Provisions Relating to IETF Documents
   (http://trustee.ietf.org/license-info) in effect on the date of
   publication of this document.  Please review these documents
   carefully, as they describe your rights and restrictions with respect
   to this document.  Code Components extracted from this document must
   include Simplified BSD License text as described in Section 4.e of
   the Trust Legal Provisions and are provided without warranty as
   described in the Simplified BSD License.



































Reschke & Loreto       Expires September 18, 2016               [Page 2]


Internet-Draft    'Out-Of-Band' Content Coding for HTTP       March 2016


Table of Contents

   1.  Introduction . . . . . . . . . . . . . . . . . . . . . . . . .  4
   2.  Notational Conventions . . . . . . . . . . . . . . . . . . . .  4
   3.  'Out-Of-Band' Content Coding . . . . . . . . . . . . . . . . .  4
     3.1.  Overview . . . . . . . . . . . . . . . . . . . . . . . . .  4
     3.2.  Definitions  . . . . . . . . . . . . . . . . . . . . . . .  5
     3.3.  Problem Reporting  . . . . . . . . . . . . . . . . . . . .  6
       3.3.1.  Server Not Reachable . . . . . . . . . . . . . . . . .  7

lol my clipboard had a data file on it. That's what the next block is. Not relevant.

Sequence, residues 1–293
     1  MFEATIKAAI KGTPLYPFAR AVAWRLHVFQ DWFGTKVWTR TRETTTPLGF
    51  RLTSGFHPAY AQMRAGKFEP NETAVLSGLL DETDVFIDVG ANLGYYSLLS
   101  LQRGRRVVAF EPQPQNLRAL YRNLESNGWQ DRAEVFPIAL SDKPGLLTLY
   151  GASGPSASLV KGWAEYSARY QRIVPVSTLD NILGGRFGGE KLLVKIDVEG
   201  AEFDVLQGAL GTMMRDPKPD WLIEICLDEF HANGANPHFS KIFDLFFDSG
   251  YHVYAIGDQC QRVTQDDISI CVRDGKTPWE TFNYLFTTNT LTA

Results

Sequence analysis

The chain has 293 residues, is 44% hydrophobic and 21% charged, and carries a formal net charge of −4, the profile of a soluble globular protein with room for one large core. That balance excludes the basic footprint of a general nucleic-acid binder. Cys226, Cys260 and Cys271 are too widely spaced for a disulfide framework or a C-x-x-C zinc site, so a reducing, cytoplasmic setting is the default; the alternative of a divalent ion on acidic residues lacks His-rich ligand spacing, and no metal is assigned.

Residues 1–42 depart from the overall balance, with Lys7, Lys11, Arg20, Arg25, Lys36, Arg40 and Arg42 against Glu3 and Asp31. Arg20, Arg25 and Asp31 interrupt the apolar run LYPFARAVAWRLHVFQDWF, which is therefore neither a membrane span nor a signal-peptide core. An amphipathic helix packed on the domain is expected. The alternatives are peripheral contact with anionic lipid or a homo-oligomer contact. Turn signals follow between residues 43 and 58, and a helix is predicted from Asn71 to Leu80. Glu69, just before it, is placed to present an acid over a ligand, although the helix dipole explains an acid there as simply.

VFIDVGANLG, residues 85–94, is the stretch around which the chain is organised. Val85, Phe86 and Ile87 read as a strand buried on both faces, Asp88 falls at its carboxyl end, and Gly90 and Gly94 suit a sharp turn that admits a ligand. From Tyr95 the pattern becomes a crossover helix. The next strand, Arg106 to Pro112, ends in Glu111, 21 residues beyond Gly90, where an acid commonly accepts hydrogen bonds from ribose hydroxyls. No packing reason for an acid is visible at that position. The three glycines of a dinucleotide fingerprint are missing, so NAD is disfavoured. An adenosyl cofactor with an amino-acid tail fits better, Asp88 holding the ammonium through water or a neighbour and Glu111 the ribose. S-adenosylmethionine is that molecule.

3.3.2.  Resource Not Found . . . . . . . . . . . . . . . . . .  7
       3.3.3.  Payload Unusable . . . . . . . . . . . . . . . . . . .  7
     3.4.  Examples . . . . . . . . . . . . . . . . . . . . . . . . .  7
       3.4.1.  Basic Example  . . . . . . . . . . . . . . . . . . . .  7
       3.4.2.  Example involving an encrypted resource  . . . . . . .  9
       3.4.3.  Example For Problem Reporting  . . . . . . . . . . . . 10
   4.  Feature Discovery  . . . . . . . . . . . . . . . . . . . . . . 10
   5.  Security Considerations  . . . . . . . . . . . . . . . . . . . 10
     5.1.  Content Modifications  . . . . . . . . . . . . . . . . . . 10
     5.2.  Content Stealing . . . . . . . . . . . . . . . . . . . . . 10
     5.3.  Use in Requests  . . . . . . . . . . . . . . . . . . . . . 11
   6.  IANA Considerations  . . . . . . . . . . . . . . . . . . . . . 11
   7.  References . . . . . . . . . . . . . . . . . . . . . . . . . . 11
     7.1.  Normative References . . . . . . . . . . . . . . . . . . . 11
     7.2.  Informative References . . . . . . . . . . . . . . . . . . 12
   Appendix A.  Alternatives, or: why not a new Status Code?  . . . . 13
   Appendix B.  Open Issues . . . . . . . . . . . . . . . . . . . . . 13
     B.1.  Range Requests . . . . . . . . . . . . . . . . . . . . . . 13
     B.2.  Accessing the Secondary Resource Too Early . . . . . . . . 14